Kirtan Das and the Art Village of Orissa

Kirtan Das stood in the doorway of his home in the village of Raghurajpur with a shy smile and hands folded in greeting. Raghurajpur is a village about 14 kms outside of Puri and is home to about a hundred odd families involved in various forms of art. The village itself is a cluster of semi permanent structures, with murals of the presiding deity of Orissa, Jagannath and beautiful scenes from daily life painted on the walls. Over time the small village has received attention from the Orissa government as well as some amount of International acclaim and funding, and is now a ‘heritage’ village. This means that a village which practiced and created age old art forms for their own consumption, has now grown into a loose commercial enterprise with each home a workshop. However, while the village is now in the business of producing art for exhibitions around the country and every home is a shop for the curious, the old art of palm leaf paintings or Patachitra has not been lost.

Murals painted on the village walls show scenes from daily life and tell stories from the Indian epics.

As soon as we entered the village we were hounded by several men wanting us to come to their homes and see their art work. Politely declining everyone’s offer, we instead wandered into the village looking at the beautiful murals on the walls. One very enterprising young man walked with us and told us the meanings of the different paintings, interpreting their stories for us. He also told us about the history of the village and how they had rebuilt their lives following an earthquake in the 80s, with the help of NGOs. Today the villagers work with the government and local organizations to showcase their skills at exhibitions around the country, creating awareness of the old craft of palm leaf painting, which dates back to 5 BC. The village is also the home of Kelucharan Mohapatra, the famed Odissi dancer and poet, and his house stands for the curious to see.

Walking around the village with the chatty young man we came upon Kirtan Das.

Something about his quiet demeanour stood out, his smile was humble, warm and inviting. His small home, dimly lit by a single naked bulb, was cluttered with rolls of canvas, painting materials and shelves full of curios. It was a hot afternoon and Kirtan Das puts on the fan to make sure we are comfortable. In our months of travel, some of the best art we have come across has been in peoples homes, and the best artists have been those who rather than show us finished products, have taken pains to demonstrate the skill and mastery that creates pieces of beauty. Kirtan Das was the same.

The canvas is created using three old saris stuck together (pictured on the left) with natural glue and then rubbed down with white chalk like stone (pictured on the right). All the colours used are natural and are extracts from rocks and plants. The black colour is actually soot from the wicks of lamps.

He showed us how the canvas was created using old cotton saris, stuck together with natural glue over a period of 2-3 days. The canvas is then smoothened over with chalk, making the canvas thick, supple and white. He patiently demonstrated how the colours from bright yellows and blues to deep reds and blacks were made out of natural stone, plant extracts, mineral deposits and soot, transforming the white canvas into stunning images. He also showed us the ancient art of Patachitra, where each narrow strip of palm leaf was painstakingly carved with a blade and then coloured in, before many such strips were put together to form a complete picture. He told us about his family; how the knowledge of the art has been passed down through generations. How his grandfather who recently passed away was the standard he desired to emulate.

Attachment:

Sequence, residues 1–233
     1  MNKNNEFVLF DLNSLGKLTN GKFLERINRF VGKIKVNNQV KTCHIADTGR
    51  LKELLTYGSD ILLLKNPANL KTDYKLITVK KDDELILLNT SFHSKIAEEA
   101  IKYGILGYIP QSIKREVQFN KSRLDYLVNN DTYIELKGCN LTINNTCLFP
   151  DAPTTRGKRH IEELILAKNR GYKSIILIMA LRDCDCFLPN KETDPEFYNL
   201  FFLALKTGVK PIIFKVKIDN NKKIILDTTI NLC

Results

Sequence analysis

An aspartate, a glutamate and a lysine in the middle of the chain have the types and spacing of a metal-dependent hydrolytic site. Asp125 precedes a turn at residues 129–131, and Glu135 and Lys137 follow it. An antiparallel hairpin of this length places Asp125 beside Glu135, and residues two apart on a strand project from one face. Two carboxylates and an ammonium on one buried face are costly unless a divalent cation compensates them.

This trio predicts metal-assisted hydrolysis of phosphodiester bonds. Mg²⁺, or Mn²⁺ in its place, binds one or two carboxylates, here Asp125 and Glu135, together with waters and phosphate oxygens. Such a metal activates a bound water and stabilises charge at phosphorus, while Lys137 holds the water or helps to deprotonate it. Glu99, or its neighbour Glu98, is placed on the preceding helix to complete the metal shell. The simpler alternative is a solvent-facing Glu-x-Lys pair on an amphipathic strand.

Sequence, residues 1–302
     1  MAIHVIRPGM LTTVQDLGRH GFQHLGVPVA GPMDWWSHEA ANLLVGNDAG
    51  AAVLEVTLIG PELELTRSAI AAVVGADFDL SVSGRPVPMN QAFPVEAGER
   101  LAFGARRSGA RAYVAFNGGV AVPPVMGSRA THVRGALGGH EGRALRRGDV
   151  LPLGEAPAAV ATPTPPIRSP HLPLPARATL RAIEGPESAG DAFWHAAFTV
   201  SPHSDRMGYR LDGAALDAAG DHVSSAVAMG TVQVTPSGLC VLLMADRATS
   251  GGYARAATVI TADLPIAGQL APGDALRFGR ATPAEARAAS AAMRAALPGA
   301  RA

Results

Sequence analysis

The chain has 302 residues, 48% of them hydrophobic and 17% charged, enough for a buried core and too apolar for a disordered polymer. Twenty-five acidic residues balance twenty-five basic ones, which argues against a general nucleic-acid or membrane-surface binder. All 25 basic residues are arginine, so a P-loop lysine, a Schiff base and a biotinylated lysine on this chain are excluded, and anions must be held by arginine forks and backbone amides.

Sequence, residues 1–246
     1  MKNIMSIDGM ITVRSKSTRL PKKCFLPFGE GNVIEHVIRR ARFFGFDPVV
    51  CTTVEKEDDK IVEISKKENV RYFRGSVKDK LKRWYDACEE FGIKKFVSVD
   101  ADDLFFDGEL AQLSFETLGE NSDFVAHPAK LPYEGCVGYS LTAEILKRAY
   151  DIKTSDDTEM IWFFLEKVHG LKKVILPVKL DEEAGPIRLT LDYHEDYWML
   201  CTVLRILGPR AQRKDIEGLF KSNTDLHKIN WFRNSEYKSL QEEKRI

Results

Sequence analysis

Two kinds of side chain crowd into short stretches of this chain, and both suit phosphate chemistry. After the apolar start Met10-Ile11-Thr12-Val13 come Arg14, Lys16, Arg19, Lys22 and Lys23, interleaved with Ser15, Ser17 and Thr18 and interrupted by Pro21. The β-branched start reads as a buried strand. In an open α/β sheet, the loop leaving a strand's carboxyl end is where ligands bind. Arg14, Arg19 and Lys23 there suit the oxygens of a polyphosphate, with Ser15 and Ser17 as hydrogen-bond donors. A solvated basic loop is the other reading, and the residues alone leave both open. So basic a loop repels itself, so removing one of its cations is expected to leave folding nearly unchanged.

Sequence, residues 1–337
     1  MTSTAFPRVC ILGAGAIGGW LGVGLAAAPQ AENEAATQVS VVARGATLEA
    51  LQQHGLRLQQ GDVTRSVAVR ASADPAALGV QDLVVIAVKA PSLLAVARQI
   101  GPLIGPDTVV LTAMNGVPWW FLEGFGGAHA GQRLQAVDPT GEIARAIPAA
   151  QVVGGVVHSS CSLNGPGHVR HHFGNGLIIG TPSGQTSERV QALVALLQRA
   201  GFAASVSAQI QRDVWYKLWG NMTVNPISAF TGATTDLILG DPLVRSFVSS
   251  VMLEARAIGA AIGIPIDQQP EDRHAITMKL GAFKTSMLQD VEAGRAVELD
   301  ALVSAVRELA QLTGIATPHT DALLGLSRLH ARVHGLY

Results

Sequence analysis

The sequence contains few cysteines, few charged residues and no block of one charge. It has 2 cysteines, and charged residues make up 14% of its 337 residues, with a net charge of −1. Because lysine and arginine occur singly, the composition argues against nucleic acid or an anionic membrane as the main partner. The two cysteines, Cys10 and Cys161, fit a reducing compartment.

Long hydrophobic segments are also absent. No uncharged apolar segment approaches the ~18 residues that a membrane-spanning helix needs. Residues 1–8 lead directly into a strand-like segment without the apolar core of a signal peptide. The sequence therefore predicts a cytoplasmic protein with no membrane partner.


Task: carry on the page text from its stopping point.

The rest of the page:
He then showed us some of his prized possessions, art created by his father and grandfather. Beautifully artwork on large rolls of tassar silk, depicting, with unbelievable intricacy and detail, stories of love, life and loss. Scenes from the epics, stories of the lord Jagannath and the life of Krishna, each piece, a study in glorious perfection. And as he opened, with gentle reverence, each role of tassar, most made by his grandfather and some by his father, he explained, in a voice, deep with emotion, what each of the pieces meant, the stories they told and the lessons they taught, and we felt, in this man a deep devotion to his art. He explained that these pieces were not for sale, not until he believed that he could himself create such stunning and evocative pieces. He has been creating Pattachitra art for over 10 years now and believed it would take him at least another decade or two to attain the level of finesse he had grown up witnessing.

Kirtan Das shows us some of the art created by his father and brother and explains the stories hidden in the details.

We did buy a beautiful, intricate palm leaf painting from Kirtan Das, it holds pride of place in our home amongst other pieces of art and history we have found along the way. And every time we look at it, it reminds us of that humble artist, in that small village, creating unbelievable art for the love of the art itself.

Some Useful Information:

Raghurajpur is located 14 Kms outside of Puri & 50 Kms from Bhubaneswar. From Puri you can hire a local autorickshaw to take you and bring you back but from Bhubaneswar you will probably need to hire an car. Since there are no hotels in Raghurajpur this place is best done as a day trip.

3 Comments Add yours

  1. rANG bIRANGE says:

    omg this is one mind blowing post, being an craft lover I have discovered a gem here

    1. It is quite the gem! We picked up a bunch of stuff :))

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